Quite an interesting history of the Royal Dublin Fusiliers. They fought in the Boer Wars and in World War 1. My understanding of these razors is they were issued from the Crimean War, through the Boer War and WW1. Some of the razors were donated by the public and some bought under contact. The donated razors would account for older razors showing up in WW1. Note the razors lack of country of origin although it may not have been meant for export.
    In the 1900's Hunter's acquired the assets of Parkin & Marshall and Slack & Grinold. So early in the century the company appears to have been growing but according to Tweedale the company now based in Reed St. lost its dynamism. By 1910 the assets had been acquired by Needham, Veall & Tyzack and William Tyzack liquidated the company in 1910. The Hunter marks were later acquired by Slater. Michael J. Hunter V died 11 November 1926.
    Thanks for the additional info. My reasons for thinking it is 1ww is the length of the serial No. Earlier No's were commonly shorter. There are quite a few of these Hunter razors about with 3 figure numbers and the debate continues as to whether these are earlier or just numbers shortened to the last three.( common practice for marking personal kit even today) As you said, the country of origin would not have been needed on Army issue or home market razors. The odd thing is that with the company liquidated in 1910 they were still being produced with the old name on them ? Perhaps the Army bought up all the old stock ?

    There was certainly a big shortage of razors, partly due to the sudden lack of German items and an appeal was launched in 1915 for old razors to be donated to the cause. This was very successful
    and these razors were refurbished and fitted with new horn scales before being issued to troops. The individual service numbers were branded into the horn along with regimental details and it is common to see a small W /I\ D ( War Department ) inspection mark with the inspectors No. also stamped into the horn.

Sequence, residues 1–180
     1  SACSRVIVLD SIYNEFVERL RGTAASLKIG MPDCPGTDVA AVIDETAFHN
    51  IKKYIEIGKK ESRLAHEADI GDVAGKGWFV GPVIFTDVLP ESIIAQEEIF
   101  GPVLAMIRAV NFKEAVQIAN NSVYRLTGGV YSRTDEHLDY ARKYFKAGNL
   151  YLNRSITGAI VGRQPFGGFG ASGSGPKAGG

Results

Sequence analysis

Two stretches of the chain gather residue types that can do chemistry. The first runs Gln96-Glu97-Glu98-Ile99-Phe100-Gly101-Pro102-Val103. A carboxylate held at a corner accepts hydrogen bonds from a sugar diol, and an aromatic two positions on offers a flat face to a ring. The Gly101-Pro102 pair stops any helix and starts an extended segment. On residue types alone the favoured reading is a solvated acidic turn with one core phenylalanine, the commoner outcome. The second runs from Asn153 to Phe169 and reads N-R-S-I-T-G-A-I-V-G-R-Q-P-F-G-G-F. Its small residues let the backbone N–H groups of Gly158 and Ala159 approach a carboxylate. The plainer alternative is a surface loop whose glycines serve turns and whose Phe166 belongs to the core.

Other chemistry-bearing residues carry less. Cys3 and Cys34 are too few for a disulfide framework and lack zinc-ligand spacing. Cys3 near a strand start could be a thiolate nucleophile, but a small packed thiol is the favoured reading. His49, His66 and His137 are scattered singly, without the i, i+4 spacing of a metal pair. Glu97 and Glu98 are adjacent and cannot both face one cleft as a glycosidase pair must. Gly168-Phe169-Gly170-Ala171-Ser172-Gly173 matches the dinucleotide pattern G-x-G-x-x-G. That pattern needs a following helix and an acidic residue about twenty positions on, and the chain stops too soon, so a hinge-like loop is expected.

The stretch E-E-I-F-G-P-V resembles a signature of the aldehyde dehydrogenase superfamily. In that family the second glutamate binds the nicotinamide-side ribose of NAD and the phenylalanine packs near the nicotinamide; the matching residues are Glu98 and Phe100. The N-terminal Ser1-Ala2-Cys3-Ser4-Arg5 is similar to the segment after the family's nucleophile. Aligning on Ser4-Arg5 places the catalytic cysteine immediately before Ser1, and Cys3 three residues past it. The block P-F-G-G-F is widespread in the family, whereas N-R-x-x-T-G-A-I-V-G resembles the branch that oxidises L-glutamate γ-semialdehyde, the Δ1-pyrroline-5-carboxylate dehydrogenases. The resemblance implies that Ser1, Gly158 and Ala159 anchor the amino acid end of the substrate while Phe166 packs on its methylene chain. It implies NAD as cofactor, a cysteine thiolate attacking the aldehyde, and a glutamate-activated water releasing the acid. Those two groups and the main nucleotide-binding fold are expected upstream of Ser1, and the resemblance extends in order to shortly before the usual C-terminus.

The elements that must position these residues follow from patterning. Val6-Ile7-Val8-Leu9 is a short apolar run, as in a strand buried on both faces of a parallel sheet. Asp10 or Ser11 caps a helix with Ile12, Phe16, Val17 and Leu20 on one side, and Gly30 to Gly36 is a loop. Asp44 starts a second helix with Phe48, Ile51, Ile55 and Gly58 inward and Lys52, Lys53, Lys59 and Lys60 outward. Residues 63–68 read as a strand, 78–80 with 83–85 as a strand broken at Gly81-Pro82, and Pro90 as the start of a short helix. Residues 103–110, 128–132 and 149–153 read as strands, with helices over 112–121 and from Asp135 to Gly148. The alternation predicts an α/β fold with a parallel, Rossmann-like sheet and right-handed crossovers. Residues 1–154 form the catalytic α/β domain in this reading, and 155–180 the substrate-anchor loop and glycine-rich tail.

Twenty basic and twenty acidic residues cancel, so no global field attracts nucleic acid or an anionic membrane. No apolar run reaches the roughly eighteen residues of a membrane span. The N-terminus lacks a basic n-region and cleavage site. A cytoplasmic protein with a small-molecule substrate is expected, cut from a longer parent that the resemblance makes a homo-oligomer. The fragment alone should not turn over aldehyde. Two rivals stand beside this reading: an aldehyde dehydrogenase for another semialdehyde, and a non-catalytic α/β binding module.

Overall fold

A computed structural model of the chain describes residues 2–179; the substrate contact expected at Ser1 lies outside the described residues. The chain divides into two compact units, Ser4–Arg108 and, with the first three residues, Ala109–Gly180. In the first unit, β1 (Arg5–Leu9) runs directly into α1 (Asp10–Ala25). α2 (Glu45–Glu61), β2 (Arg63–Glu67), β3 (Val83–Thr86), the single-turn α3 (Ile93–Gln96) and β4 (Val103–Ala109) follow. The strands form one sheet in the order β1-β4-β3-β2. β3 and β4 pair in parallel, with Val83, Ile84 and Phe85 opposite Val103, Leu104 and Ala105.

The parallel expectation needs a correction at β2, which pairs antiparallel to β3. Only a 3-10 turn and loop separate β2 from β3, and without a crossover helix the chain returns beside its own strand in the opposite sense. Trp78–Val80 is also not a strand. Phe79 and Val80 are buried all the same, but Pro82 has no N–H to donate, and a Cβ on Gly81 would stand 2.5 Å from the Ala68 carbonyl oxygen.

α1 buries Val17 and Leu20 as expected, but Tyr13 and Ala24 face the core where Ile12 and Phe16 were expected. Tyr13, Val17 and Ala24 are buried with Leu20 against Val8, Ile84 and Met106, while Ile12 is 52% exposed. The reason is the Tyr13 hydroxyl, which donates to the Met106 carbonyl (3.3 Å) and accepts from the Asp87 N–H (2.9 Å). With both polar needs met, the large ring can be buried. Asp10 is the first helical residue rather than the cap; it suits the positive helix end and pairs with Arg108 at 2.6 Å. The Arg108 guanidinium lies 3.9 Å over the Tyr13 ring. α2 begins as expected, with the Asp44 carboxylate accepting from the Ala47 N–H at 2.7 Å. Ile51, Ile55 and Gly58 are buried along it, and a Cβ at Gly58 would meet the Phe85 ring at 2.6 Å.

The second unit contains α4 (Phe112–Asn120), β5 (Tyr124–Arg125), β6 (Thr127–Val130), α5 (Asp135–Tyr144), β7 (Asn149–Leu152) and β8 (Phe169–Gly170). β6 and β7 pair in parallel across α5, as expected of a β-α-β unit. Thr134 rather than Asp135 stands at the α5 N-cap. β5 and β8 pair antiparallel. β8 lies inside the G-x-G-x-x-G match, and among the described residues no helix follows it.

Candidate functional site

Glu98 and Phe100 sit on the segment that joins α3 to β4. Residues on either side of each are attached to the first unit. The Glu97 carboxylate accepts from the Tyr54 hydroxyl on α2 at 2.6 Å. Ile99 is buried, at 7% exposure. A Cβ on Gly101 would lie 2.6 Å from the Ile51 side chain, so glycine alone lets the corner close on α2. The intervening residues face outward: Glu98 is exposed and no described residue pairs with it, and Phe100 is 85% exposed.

Tomo

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    Senior Member SemperFi's Avatar
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    Good possibility the razor belonged to Serjeant Walter Wilding, Royal Dublin Fusiliers during WW I.

    Medal card of Wilding, Walter Corps: Royal Dublin Fusiliers Regiment No: ... | The National Archives

    I got 80 hits from the National Archives (NA) for serial number (S/N) 11680: The National Archives | Search results:11680

    A search of the Commonwealth War Graves Commission turned up no hits for any Royal Dublin Fusiliers casualties with that S/N.

    You would need to do a deeper dive on Regiments with the NA search results, as many of the 80 results had multiple S/Ns. With that said, Wilding is a good bet--you can order his Medal Index Card (MIC) from the NA for a few quid. His MIC may point to Boer War or other medal(s) entitlements. Anyway, a MIC is a good starting point if you want to do additional research on Wilding.

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    Default Hunter and Sons Military Straight Razor Knowledge Requested.

    I've been looking for some Hunter and Sons Military Straight Razor history and I found this thread. I am curios if someone more knowledgeable than I could help identify which war this razor is associated with.
    Scales, I believe, are horn. Dark Brown
    Lead wedge.
    The best I can discern, the numbers on the scales read 668 27 I 82
    It took a great edge and shaves very well. Here are the pics.
    Attachment 298565

    Attachment 298566

  15. #9
    Razor Vulture sharptonn's Avatar
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    Its a bit more complicated than just WWI, I think. The Brits were in a pile of conflicts, occupations, etc all over the globe since this razor was made.
    If it could only talk.

  16. #10
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    Default

    Trying again with the photos...